Let us return once more to the night of Holy Saturday. In the Creed we say about Christ’s journey that he “descended into hell.” What happened then? Since we have no knowledge of the world of death, we can only imagine his triumph over death with the help of images which remain very inadequate. Yet, inadequate as they are, they can help us to understand something of the mystery. The liturgy applies to Jesus’ descent into the night of death the words of Psalm 23[24]: “Lift up your heads, O gates; be lifted up, O ancient doors!” The gates of death are closed, no one can return from there. There is no key for those iron doors. But Christ has the key. His Cross opens wide the gates of death, the stern doors. They are barred no longer. His Cross, his radical love, is the key that opens them. The love of the One who, though God, became man in order to die – this love has the power to open those doors. This love is stronger than death. The Easter icons of the Oriental Church show how Christ enters the world of the dead. He is clothed with light, for God is light. “The night is bright as the day, the darkness is as light” (cf. Ps 138[139]12). Entering the world of the dead, Jesus bears the stigmata, the signs of his passion: his wounds, his suffering, have become power: they are love that conquers death. He meets Adam and all the men and women waiting in the night of death. As we look at them, we can hear an echo of the prayer of Jonah: “Out of the belly of Sheol I cried, and you heard my voice” (Jn 2:2). In the incarnation, the Son of God became one with human beings – with Adam. But only at this moment, when he accomplishes the supreme act of love by descending into the night of death, does he bring the journey of the incarnation to its completion. By his death he now clasps the hand of Adam, of every man and woman who awaits him, and brings them to the light.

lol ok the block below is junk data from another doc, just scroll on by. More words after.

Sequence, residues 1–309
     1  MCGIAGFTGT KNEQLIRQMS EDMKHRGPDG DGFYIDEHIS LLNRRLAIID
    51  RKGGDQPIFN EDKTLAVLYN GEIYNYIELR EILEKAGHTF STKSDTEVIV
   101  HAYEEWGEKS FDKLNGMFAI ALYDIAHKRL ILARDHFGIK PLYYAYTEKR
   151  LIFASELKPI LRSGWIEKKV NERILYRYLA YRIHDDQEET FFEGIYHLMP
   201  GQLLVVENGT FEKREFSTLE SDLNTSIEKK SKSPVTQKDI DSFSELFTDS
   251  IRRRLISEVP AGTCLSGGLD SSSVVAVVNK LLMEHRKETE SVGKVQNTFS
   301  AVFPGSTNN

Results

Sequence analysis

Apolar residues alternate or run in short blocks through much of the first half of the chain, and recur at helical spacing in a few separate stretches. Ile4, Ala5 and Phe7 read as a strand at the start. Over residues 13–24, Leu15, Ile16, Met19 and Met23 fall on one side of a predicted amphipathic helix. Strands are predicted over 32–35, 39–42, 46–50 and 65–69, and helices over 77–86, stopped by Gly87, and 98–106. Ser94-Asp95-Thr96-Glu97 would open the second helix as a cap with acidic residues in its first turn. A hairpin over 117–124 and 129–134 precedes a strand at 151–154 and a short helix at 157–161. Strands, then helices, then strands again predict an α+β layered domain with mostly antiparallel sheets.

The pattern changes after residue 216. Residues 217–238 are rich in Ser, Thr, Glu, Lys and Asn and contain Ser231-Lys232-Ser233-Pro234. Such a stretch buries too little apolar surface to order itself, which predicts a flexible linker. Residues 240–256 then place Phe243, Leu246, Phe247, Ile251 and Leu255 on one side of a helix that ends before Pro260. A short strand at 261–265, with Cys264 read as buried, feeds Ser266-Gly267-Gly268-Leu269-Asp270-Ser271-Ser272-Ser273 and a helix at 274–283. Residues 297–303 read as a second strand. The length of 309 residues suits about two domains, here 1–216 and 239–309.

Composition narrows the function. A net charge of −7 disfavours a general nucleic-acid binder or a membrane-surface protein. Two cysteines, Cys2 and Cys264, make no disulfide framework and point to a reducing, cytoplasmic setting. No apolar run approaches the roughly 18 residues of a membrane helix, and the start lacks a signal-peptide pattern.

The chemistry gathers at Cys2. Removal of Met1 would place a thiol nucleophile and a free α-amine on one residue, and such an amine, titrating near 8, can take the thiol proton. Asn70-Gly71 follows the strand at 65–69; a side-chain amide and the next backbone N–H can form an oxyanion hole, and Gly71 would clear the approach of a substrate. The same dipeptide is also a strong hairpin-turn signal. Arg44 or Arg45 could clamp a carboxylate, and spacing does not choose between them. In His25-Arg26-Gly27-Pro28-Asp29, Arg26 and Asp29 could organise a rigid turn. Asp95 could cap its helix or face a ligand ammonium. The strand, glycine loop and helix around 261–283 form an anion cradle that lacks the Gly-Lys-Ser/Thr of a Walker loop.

But we may ask: what is the meaning of all this imagery? What was truly new in what happened on account of Christ? The human soul was created immortal – what exactly did Christ bring that was new? The soul is indeed immortal, because man in a unique way remains in God’s memory and love, even after his fall. But his own powers are insufficient to lift him up to God. We lack the wings needed to carry us to those heights. And yet, nothing else can satisfy man eternally, except being with God. An eternity without this union with God would be a punishment. Man cannot attain those heights on his own, yet he yearns for them. “Out of the depths I cry to you…” Only the Risen Christ can bring us to complete union with God, to the place where our own powers are unable to bring us. Truly Christ puts the lost sheep upon his shoulders and carries it home. Clinging to his Body we have life, and in communion with his Body we reach the very heart of God. Only thus is death conquered, we are set free and our life is hope.